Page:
by Patricia Romero
Michigan State University Press, 1998
eISBN: 978-0-87013-948-2 | Paper: 978-0-87013-447-0
Library of Congress Classification HQ1800.5.R67 1998
Dewey Decimal Classification 305.420968


A revealing oral history collection, Profiles in Diversity contains in-depth interviews of twenty-six women in South Africa from different racial, class, and age backgrounds. Conducted in Johannesburg, Pretoria, Bloemfontein, Vryburg, Cape Town, Port Elizabeth, Grahamstown, Durban, and a rural section of Kwa-Zulu Natal, these life histories encompass diverse experiences ranging from a squatter in a township outside Cape Town to an ANC activist in Port Elizabeth, who lost three sons to the struggle for democracy and who herself was imprisoned several times during what many in South Africa now refer to as the "civil war."  
     Nearly all of these women describe their formative years spent growing up in South Africa's segregated society. Three young black students discuss the hardships they experienced in an unequal educational system as well as aspects of segregation in their childhood. They are joined in their memories and hopes for the future by two mature women—one now a high court judge in Durban and the other a linguist at the University of South Africa in Pretoria—both of whom studied at Harvard in the United States. Nancy Charton, the first woman ordained as an Anglican priest in South Africa, speaks about her past and what led her, in her early seventies, to a vocation in the church.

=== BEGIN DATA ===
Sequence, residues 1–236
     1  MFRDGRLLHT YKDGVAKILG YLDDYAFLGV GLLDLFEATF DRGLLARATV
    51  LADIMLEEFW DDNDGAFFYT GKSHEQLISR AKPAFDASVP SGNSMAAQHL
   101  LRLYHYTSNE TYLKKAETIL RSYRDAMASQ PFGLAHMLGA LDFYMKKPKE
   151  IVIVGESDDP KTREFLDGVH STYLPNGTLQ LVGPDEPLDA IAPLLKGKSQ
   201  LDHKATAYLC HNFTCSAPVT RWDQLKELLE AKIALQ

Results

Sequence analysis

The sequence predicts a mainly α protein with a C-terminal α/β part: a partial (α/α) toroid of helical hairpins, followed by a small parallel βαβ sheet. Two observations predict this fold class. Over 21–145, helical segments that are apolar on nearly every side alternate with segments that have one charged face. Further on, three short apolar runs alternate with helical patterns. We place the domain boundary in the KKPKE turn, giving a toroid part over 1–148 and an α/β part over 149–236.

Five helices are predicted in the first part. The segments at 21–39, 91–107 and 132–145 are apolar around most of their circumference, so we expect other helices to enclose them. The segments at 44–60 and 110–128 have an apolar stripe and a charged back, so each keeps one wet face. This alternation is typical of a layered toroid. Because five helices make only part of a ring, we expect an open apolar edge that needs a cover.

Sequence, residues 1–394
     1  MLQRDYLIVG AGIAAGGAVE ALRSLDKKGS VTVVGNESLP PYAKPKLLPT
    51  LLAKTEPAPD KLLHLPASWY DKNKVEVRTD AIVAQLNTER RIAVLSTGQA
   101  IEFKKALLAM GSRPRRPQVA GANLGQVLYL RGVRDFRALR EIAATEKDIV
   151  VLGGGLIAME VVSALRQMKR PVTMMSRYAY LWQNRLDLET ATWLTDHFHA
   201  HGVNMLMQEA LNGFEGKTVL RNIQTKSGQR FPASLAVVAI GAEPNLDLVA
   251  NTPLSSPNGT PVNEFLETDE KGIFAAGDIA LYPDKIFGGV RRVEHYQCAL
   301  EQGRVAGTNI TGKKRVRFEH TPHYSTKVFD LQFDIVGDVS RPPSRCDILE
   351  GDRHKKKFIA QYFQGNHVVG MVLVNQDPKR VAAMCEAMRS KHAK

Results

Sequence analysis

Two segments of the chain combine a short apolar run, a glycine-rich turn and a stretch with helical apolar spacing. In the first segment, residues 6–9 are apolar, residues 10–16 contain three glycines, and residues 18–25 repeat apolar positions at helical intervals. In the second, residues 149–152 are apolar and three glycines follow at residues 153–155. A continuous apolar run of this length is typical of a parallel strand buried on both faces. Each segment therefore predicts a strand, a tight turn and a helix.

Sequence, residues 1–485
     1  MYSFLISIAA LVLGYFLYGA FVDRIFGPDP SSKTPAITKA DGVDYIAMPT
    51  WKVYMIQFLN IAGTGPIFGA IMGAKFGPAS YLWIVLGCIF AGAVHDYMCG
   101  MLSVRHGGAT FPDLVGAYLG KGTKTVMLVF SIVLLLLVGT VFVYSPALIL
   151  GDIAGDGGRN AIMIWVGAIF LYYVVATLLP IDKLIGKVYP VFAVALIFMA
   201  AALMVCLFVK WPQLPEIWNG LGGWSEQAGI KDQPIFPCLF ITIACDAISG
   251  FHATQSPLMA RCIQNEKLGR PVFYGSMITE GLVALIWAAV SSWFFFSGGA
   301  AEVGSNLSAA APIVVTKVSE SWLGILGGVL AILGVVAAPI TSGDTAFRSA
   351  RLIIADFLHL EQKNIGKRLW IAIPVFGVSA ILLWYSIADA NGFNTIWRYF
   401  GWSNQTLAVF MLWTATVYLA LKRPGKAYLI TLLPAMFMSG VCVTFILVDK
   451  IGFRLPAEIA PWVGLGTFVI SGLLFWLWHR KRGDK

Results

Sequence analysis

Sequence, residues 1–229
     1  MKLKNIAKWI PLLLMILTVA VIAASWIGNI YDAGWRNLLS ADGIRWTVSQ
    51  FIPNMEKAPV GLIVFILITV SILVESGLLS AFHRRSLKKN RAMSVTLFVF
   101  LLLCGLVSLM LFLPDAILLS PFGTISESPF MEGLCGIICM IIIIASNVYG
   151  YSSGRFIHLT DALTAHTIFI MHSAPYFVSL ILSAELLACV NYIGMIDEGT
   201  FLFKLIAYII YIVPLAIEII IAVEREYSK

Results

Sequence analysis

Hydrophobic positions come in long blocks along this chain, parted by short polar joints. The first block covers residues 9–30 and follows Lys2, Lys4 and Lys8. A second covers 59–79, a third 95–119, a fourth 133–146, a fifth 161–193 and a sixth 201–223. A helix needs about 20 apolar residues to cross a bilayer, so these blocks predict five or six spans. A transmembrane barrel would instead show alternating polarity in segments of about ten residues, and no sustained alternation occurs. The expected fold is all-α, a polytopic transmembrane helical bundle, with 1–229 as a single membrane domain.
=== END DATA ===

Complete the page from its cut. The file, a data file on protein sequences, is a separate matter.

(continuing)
Three Afrikaner women, including one in her late twenties, speak about growing up in South Africa and articulate their concerns for a future that, in some respects, differs from the predictions of their English-speaking or black sisters. Two now-deceased members of the South African Communist Party provide disparate accounts of what led them to lives of active opposition to the discrimination that marked the lives of people of color, long before apartheid became embedded in South Africa's legal system. Also included is an account by Dr. Goonam, an Indian woman who grew up in relative comfort in the then province of Natal, while Ray Alexander discusses how she witnessed the tyranny visited on the Jews of her native Latvia before immigrating to the Cape.

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